Destination dispatch technology is a sophisticated traffic management tool that has undergone recent improvements. Such systems do away with traditional up/down buttons; instead, passengers use keypads or interactive touchscreens to register floor calls. They are then assigned to specific cars, minimizing the number of starts and stops required as well as wait and travel times. Newer systems such as Schindler’s Personal Occupant Requirement Terminal (PORT) utilize card-reading technology through radio frequency waves.

Destination-dispatch can be used to put individual cars in standby mode when they’re not needed, shutting down lighting and ventilation. Building owners can use it to maintain security; for instance, they could restrict access by delivery people. People with special needs are discreetly assigned to elevators that can accommodate them. In hospitals, destination dispatch automatically directs medical personnel to elevators sized for gurneys or crash carts.

Building management firm Golub & Co. installed a destination dispatch system as part of an18-month elevator modernization project at 680 N. Lake Shore Drive in Chicago. Over the course of a single weekend, Schindler ID terminals and controllers were interfaced with existing elevator controllers, offering an immediate improvement in efficiency. The existing elevators were refurbished and components were replaced as necessary.

Taking the elevators out of service would have been a major inconvenience for the building’s medical and office tenants, says Tim Conway, general manager for Golub. Working with VTS consultant Desmond Associates of Carpentersville, Ill., the firm chose Schindler for the project “because they were able to put the destination technology on the front end,” says Conway. End users didn’t notice when a car was out of service because the destination interface was there to direct them to the right elevator.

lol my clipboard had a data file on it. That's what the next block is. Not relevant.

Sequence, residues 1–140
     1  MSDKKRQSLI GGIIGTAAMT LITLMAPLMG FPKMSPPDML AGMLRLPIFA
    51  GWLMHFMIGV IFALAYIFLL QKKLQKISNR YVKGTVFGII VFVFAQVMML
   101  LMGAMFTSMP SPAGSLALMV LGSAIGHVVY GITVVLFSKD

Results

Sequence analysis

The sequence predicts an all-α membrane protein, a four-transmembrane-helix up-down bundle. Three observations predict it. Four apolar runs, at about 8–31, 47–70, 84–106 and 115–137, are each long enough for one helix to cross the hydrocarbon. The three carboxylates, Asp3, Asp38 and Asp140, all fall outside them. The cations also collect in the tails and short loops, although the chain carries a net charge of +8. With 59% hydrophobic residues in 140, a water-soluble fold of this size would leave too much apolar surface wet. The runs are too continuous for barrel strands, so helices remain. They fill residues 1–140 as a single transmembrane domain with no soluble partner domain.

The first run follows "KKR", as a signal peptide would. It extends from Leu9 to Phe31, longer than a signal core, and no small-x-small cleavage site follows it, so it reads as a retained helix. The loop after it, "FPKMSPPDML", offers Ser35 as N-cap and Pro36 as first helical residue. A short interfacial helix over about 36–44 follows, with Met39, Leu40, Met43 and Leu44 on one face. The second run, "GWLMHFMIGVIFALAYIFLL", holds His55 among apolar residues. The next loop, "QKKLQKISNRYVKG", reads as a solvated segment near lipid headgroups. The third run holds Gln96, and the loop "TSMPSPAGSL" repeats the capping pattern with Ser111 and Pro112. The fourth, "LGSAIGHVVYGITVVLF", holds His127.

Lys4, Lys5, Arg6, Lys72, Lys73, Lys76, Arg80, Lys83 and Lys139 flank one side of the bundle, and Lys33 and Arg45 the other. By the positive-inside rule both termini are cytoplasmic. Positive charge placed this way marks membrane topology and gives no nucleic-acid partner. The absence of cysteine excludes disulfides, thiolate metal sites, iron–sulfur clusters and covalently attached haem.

“We’re trending toward about a 23% reduction in energy usage,” Conway says. “We’ve also done some traffic studies with wait time and destination time, and those have improved closer to 50%. It’s incredible.”

Huleis says that with destination dispatch systems, control panels can be placed anywhere in the building, eliminating in-cab controls. “This feature is mostly useful on high-rise buildings,” he says.

Double-deck elevators have traditionally been used in very tall buildings because they can move large numbers of people with fewer cabs. Typically, the top deck serves the even-numbered floors, the bottom deck the odd-numbered floors.

“Double-deckers can reduce the need for space in the core of a building from 30-45%,” says Otis’s Pulling. While they can be installed as part of a modernization, they require significant project management and front-end planning, which is why they’re more common in new construction “where you design to a specific core requirement,” he says.

A look to the future: Schindler is currently developing a three-deck elevator.


It may seem obvious, but elevators should always be designed based on the intended use of the building and the volume of traffic anticipated. “Traffic patterns are dependent on each floor’s population and whether the building is open for business 24/7, such as a hotel versus an office building,” says Brad Nemeth, director of sustainability for ThyssenKrupp Elevator Americas.

High-rise buildings may require customized engineering to compensate for elevator speeds approaching 2,000 meters (about 6,500 feet) per minute. “At these speeds,” Nemeth says, “aerodynamic considerations must be factored in along with pressure differentials above and below the elevator cab, which can produce vibration and excessive noise.”

In terms of energy efficiency, architect Brian Sipes, AIA, LEED AP, principal of Zehren & Associates in Avon, Colo., says MRLs perform as advertised, but their higher first cost is justifiable depending on how often the elevator is going to be used. “If it’s less than once a day, there’s no payback,” he says. “If it’s frequently, MRLs are an easy sell if you can prove the return on investment.”

One caveat: If a client wants high-end elevator finishes, MRLs may not be an option. Many of Zehren’s projects are ski and golf resorts where custom millwork on the walls and stone floors are a must, partly for aesthetics and partly to shield against damage from ski boots and golf cleats. “In those cases we have to go with traditional hydraulic elevators because they don’t have the design or weight limitations of an MRL,” Sipes says.  BD+C